Trump increasingly erratic? Say it ain't so!
Glenn Greenwald has a lot to say about The Media's Deranged Hysteria Over Elon Musk's Promised Restoration of Free Speech.
It is hard to overstate how manic, primal and unhinged is the reaction of corporate media employees to the mere prospect that new Twitter owner Elon Musk may restore a modicum of greater free speech to that platform. It was easy to predict — back when Musk was merely toying with the idea of buying Twitter and loosening some of its censorship restrictions — that there would be an all-out attack from Western power centers if he tried. Online censorship has become one of the most potent propaganda weapons they possess, and there is no way they will allow anyone to dilute it even mildly without attempting to destroy them. Even with that expectation in place of what was to come, the liberal sector of the corporate media (by far the most dominant media sector) really outdid itself when it came to group-think panic, rhetorical excess, and reckless and shrill accusations.
Example, from a Taylor Lorenz (who else?) WaPo article:
“Apple and Google need to seriously start exploring booting Twitter off the app store,” said Alejandra Caraballo, clinical instructor at Harvard Law’s cyberlaw clinic. “What Musk is doing is existentially dangerous for various marginalized communities. It’s like opening the gates of hell in terms of the havoc it will cause. People who engaged in direct targeted harassment can come back and engage in doxing, targeted harassment, vicious bullying, calls for violence, celebration of violence. I can’t even begin to state how dangerous this will be.”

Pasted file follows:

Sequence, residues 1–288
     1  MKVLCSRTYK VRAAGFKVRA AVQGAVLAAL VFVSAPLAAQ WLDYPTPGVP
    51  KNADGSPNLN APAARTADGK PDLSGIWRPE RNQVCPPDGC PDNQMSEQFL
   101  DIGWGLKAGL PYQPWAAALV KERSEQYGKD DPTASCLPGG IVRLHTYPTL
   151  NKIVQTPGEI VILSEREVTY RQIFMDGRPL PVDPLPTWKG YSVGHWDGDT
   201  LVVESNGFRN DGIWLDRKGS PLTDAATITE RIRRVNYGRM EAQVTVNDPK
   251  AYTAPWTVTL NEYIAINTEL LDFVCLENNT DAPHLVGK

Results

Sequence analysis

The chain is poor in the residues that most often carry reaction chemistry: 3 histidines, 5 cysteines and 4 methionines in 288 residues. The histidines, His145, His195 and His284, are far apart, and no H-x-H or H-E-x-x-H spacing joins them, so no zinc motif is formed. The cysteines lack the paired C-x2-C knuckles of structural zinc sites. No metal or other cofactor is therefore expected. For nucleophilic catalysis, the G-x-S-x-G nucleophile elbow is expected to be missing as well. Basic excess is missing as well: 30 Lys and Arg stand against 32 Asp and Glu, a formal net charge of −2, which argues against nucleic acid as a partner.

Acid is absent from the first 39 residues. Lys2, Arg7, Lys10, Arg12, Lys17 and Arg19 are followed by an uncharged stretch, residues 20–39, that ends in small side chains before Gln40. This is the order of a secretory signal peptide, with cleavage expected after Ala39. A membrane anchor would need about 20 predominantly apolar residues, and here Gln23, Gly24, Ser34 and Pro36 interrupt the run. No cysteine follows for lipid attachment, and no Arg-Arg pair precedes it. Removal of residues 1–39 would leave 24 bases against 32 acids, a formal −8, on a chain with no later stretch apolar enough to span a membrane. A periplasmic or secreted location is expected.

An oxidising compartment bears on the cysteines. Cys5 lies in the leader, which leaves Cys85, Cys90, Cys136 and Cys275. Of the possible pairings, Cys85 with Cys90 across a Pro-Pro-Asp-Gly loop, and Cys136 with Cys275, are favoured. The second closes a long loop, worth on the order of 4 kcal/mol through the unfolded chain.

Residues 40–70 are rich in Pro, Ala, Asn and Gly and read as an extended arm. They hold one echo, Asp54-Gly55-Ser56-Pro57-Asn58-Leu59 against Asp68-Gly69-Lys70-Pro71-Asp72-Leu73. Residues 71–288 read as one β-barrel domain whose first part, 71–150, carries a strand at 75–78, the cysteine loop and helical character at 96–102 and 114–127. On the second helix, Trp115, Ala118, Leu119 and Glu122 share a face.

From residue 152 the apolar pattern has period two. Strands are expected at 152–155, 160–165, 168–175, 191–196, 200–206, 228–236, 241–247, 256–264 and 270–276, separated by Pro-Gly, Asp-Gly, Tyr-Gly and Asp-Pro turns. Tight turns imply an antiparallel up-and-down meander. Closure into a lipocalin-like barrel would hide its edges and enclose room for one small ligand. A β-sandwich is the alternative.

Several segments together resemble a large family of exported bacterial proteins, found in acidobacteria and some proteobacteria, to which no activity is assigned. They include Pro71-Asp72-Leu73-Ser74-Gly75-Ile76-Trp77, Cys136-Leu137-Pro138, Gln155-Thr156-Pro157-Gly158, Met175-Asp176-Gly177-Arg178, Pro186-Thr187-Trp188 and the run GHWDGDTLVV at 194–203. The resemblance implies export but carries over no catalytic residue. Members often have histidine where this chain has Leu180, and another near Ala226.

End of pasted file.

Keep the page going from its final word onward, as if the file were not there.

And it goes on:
Yup, that's moral panic all right.
We're all told, endlessly, about the conspiracist fantasies of our right-wing friends. And, yes indeed, it's out there, even at one of my local websites.
But conspiracism is a very human phenomenon, and Stanley K. Ridgley notes an underpublicized hotbed: The Conspiracist Fantasy of University Bureaucracies.
Critical racialism originated in the crucible of neo-Marxist critical theory and has developed into an unfalsifiable doctrine informed by the psychopathology of paranoia. Now, it is codified into a systematized, conspiracist belief system. The doctrine constructs its own reality according to a central conspiracy myth and encourages the paranoid behavior of its adherents, including a displaced sense of responsibility (blaming others), hyper-suspicion, grandiosity, delusional fixity, the creation of a pseudocommunity of persecutors, and the creation of a hermetic interpretive system within the real, normal world.
In common parlance, this paranoid doctrine is called antiracism.
This is how a conspiracy theory can blossom from the psyches of hyper-fearful people who form communities of paranoia. The conspiracy emerges from the tendency of its victims to see exactly what they want to see in the world—and to discount everything else.
That's pretty relevant to folks like (see previous item) Alejandra Caraballo, isn't it?